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Taxing efficiency: Sununu vows veto

EDITORIAL
April 12. 2018 10:41PM




New Hampshire would send a strange message to drivers if it imposed higher taxes on fuel-efficient vehicles.

State and federal programs try to nudge consumers toward energy efficiency, from light bulbs to lawn mowers. So why would New Hampshire make it more expensive to drive a fuel-efficient car?

Lawmakers are trying to generate revenue to replace the taxes on the gas that efficient vehicles don’t guzzle.

Gas tax revenues are increasing, but not as much as members of the House Ways and Means Committee would like. So they have pushed through a Road Usage Fee that would charge owners of electric vehicles an extra $111 to register their cars each year. Anyone with a car that gets more than 20 miles per gallon would pay more according to a sliding scale.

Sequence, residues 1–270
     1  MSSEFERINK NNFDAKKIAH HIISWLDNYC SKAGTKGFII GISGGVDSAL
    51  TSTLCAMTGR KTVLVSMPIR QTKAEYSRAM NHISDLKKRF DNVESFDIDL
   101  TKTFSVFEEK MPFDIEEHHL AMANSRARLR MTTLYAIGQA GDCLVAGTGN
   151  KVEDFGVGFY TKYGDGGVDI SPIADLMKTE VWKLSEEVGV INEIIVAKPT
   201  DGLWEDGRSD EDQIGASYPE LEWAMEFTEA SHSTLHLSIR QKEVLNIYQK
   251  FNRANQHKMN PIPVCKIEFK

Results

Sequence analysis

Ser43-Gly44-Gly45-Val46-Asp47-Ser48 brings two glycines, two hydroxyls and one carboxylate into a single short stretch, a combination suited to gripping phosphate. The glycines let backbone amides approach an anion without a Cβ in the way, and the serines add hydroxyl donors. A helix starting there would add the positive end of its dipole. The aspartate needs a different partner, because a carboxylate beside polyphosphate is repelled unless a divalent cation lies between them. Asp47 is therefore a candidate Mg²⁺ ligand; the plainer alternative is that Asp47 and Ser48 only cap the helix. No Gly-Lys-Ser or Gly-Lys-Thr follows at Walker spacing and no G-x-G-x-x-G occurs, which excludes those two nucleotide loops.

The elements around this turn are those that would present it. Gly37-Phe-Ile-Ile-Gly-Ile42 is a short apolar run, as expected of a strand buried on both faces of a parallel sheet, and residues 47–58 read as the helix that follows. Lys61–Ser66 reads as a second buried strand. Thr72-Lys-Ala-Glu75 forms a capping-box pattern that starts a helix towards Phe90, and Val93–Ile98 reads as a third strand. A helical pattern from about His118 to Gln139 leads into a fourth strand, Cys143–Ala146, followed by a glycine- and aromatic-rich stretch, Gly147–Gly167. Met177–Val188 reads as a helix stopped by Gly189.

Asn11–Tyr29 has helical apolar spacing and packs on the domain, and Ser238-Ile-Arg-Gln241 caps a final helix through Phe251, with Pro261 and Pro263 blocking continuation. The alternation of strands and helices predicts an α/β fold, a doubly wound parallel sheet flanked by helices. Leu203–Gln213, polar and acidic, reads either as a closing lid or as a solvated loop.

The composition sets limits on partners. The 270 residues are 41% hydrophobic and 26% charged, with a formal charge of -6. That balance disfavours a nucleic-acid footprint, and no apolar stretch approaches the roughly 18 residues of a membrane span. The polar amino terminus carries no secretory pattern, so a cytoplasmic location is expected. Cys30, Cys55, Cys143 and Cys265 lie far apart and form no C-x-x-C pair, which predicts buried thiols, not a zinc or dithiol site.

Gov. Chris Sununu has promised to veto HB 1763 should it pass the Senate. He’s right to do so.

The quest for revenues has clouded the judgment of lawmakers who usually oppose new taxes and fees.

As we move away from fossil fuels, we’ll need to find ways to pay for transportation projects other than gas taxes. The Legislature should craft a transportation funding formula that works for the 21st century.

Tacking on a new tax for fuel-efficient vehicles is a costly, piecemeal solution. It would discourage drivers from purchasing cars that are not only cheaper to operate but also better for the environment.


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